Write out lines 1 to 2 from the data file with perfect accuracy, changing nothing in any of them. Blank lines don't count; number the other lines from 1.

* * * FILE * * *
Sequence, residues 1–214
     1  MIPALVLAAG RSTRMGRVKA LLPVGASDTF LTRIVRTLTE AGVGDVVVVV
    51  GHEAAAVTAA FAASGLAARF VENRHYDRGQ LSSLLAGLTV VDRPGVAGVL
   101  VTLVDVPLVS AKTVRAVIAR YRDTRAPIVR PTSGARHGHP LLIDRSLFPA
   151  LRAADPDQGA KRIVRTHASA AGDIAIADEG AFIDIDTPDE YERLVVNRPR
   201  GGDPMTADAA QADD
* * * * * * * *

Sequence, residues 1–214
     1  MIPALVLAAG RSTRMGRVKA LLPVGASDTF LTRIVRTLTE AGVGDVVVVV